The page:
This week, Vienna will share Pride far beyond its borders
As Prides face increasing hostility and challenges, and LGBTI equality in central Europe still has a long way to go, this week’s EuroPride in Vienna will give hope beyond Austria’s borders, writes Kristine Garina, President of the European Pride Organisers Association.
This weekend, hundreds of thousands of people from across Europe will march along Vienna’s Ringstrasse as EuroPride 2019 becomes the biggest LGBTI event Austria has ever seen. But the impact of this year’s EuroPride will be felt way beyond the Austrian borders, as it becomes a symbol of hope for the millions of LGBTI people living in the region.
I know only too well the transformative effect of Pride, and especially EuroPride. Back in 2012, as the leaders of Latvia’s only LGBTI organisation, we made an ambitious bid to bring EuroPride to a former Soviet country for the first time. And we won, beating cities with long-established Prides including Barcleona and Manchester.
Three years later, in June 2015, we delivered EuroPride in Riga. In the decade since the first Pride – when we were attacked with missiles and where those opposing Pride on mainly religious grounds outnumbered us several times over – we had overcome political, social and religious barriers to host Europe’s most important LGBTI event, and many thousands of people travelled from across Europe to show their support. The impact continues to be felt; last year the numbers attending Baltic Pride in Riga were double those who’d attended EuroPride three years earlier.
Of course, Austria is far ahead of Latvia when it comes to LGBTI equality. Rainbow Europe, which ranks all European countries based on various measures of LGBTI equality, places Austria thirteenth, whilst Latvia languishes in fortieth place – the poorest performance of any EU nation. But Austria’s geographic location at the heart of central Europe and with several countries with poor LGBTI records within a short drive from Vienna, means that EuroPride this year has a special importance.
We need only to go back to Rainbow Europe to see how difficult the situation is in neighbouring countries. Thirteenth place Austria nestles amongst those with far worse records for LGBTI equality, with Hungary, Slovakia, Slovenia, and the Czech Republic among them. Austria’s proximity to these countries was one of the reasons our members voted for Vienna to host this year’s event. Organisers of EuroPride in Vienna anticipate many visitors from these countries later this week, and activists from many eastern European countries will participate in human rights seminars throughout the week.
This can’t come at a more important time. Just weeks ago the President of the city of Gniezno, Poland, attempted to ban the Pride, an attempt overturned at court. The court’s decision was a surprise to no-one, especially as a case against Poland at the European Court of Human Rights had ruled in 2007 that bans on Prides were contrary to the Convention, but the Gniezno Equality March was just the latest in a long line of Prides facing increasing attacks from the far right and nationalist groups.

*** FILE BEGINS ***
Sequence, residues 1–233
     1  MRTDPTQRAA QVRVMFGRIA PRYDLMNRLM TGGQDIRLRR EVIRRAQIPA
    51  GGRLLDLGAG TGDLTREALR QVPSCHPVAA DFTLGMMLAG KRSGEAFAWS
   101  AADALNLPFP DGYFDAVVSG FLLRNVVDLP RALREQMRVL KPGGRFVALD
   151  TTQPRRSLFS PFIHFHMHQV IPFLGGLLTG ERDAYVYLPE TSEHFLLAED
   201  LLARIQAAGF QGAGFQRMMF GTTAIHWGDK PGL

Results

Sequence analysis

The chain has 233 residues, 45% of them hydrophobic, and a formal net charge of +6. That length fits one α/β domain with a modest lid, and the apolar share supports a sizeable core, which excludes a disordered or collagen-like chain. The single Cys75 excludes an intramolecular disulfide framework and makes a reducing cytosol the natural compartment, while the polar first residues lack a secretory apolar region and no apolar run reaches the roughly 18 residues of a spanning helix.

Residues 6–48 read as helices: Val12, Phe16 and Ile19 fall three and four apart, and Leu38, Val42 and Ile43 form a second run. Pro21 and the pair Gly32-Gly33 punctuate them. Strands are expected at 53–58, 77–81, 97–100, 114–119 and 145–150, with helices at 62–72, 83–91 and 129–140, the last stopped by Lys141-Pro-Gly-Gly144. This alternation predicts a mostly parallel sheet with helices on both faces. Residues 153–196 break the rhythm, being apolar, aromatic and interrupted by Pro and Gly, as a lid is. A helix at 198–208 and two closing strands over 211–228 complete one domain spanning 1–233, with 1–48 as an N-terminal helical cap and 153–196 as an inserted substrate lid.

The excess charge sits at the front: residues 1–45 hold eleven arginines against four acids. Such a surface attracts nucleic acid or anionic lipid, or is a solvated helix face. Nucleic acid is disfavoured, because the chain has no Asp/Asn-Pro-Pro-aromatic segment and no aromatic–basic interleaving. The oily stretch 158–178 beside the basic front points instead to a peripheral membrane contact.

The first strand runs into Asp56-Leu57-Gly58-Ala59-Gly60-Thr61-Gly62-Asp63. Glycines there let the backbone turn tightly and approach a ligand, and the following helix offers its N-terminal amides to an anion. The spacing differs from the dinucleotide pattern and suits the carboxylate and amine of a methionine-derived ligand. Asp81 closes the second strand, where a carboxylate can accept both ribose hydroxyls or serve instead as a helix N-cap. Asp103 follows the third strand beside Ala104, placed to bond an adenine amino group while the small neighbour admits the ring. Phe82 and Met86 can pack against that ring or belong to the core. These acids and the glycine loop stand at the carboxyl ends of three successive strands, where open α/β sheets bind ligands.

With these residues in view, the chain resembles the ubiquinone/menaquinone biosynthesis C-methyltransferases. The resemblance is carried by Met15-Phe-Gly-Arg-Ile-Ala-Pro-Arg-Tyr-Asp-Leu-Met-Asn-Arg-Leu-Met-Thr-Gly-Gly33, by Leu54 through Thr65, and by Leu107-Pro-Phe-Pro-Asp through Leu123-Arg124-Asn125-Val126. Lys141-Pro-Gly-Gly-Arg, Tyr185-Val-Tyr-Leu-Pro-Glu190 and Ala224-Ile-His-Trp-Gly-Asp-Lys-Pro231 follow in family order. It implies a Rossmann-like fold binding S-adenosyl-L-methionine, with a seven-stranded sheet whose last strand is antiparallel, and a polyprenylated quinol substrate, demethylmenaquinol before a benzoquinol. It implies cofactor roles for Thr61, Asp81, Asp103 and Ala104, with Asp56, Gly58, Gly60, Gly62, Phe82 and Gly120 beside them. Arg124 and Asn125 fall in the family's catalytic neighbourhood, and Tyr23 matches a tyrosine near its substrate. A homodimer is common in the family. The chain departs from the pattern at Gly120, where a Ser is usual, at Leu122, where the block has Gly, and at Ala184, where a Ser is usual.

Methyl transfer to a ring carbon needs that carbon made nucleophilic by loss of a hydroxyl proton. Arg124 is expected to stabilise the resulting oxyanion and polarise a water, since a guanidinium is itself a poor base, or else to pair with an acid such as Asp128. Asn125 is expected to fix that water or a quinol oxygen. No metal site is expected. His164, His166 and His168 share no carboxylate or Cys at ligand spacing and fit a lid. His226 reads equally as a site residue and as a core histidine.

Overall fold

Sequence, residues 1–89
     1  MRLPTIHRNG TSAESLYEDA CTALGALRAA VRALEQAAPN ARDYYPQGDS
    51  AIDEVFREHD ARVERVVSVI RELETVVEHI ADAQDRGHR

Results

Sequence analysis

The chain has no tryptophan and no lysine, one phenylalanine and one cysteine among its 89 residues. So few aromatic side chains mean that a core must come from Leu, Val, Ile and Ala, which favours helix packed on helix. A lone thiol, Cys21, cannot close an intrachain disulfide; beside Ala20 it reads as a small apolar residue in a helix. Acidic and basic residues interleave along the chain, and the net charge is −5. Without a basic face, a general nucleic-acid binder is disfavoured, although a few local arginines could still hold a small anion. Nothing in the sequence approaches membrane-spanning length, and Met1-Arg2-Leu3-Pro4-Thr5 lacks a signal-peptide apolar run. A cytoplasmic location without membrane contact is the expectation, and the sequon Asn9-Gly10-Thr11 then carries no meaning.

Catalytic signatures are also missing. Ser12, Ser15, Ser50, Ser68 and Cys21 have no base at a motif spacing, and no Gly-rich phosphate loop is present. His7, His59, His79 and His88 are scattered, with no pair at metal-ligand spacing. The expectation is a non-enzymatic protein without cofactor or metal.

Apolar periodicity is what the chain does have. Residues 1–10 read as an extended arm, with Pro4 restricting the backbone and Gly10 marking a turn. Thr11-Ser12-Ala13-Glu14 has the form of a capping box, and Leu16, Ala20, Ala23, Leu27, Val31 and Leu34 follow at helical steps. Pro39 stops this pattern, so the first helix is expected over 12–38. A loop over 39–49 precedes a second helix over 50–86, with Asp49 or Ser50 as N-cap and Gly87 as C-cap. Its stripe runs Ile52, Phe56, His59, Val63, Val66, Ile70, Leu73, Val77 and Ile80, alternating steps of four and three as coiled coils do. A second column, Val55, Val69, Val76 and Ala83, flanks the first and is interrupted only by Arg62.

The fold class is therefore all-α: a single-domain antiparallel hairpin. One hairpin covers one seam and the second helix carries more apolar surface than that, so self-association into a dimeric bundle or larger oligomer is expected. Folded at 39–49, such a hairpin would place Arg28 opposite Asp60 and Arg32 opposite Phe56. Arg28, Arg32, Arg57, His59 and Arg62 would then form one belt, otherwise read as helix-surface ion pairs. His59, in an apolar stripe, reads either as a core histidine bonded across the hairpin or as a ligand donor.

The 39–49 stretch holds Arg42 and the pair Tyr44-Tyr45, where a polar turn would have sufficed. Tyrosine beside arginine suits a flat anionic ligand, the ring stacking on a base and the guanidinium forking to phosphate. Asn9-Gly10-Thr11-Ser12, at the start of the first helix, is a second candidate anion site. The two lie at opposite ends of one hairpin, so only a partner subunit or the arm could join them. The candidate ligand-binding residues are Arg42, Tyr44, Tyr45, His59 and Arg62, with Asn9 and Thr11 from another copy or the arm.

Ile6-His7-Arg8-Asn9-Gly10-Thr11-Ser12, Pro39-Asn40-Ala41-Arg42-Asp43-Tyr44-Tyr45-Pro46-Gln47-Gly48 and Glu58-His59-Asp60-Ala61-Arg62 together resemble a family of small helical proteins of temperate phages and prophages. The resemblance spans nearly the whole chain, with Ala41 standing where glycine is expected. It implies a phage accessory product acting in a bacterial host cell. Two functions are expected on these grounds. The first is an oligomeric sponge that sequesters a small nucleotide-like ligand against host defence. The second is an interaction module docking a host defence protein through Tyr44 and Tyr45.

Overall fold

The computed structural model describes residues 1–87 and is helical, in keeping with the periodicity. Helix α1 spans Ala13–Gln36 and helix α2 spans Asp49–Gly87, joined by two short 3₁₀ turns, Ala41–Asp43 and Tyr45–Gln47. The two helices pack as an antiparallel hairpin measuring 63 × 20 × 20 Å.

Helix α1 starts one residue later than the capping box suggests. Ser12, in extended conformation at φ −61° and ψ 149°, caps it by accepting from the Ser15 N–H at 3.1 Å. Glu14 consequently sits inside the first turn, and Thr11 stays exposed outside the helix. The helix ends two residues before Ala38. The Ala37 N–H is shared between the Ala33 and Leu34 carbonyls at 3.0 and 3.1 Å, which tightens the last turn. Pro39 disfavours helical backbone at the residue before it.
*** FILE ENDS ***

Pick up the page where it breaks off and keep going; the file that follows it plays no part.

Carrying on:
Georgian government authorities said last week that they can’t guarantee the safety of this month’s Tbilisi Pride, and rather than protecting their citizens’ right to march, they urged organisers to cancel. Prides in Istanbul and Ankara continue to face bans and challenges, despite international pressure. New Prides in Skopje and Sarajevo are facing opposition from religious and nationalist groups. Baltic Pride in Vilnius – which I attended at the weekend just gone – faced legal challenges from opponents who attempted to stop the event. Indeed, in both Latvia and Lithuania, we have so learned to expect legal challenges that we actually prepare our legal responses well in advance, so we are ready to file them the moment our opponents launch their spurious objections.
It’s clear that the western European view that Pride in 2019 is just a party couldn’t be more wrong. Pride is an essential and important opportunity for LGBTI people to say ‘we are here, and we demand fundamental rights and freedoms’, and its fifty year history shows the impact it can have as a vehicle for change. EuroPride in Vienna, sitting at the heart of Europe, will give hope and opportunity far beyond Austria’s borders. The high level support for the event will reinforce that.
The political and strategic importance of EuroPride in Vienna is not lost on national leaders and representatives. President Alexander Van der Bellen will become the first head of state ever to attend or speak at a EuroPride. Many of the diplomatic missions in Vienna will hold receptions, and Diplomats for Equality will be in their largest ever number in the Rainbow Parade on Saturday. Many parliamentarians including MEPs will also join the Parade.
Once the Parade is over, on Saturday evening the organising team in Vienna will hand over the EuroPride Quilt to the hosts for 2020, Thessaloniki in Greece. As EuroPride heads to south-eastern Europe and the Western Balkans for the first time, it’s my real hope that the message from Vienna this week is that we are united, together, for LGBTI equality for everyone, wherever they are. We all deserve to have Pride.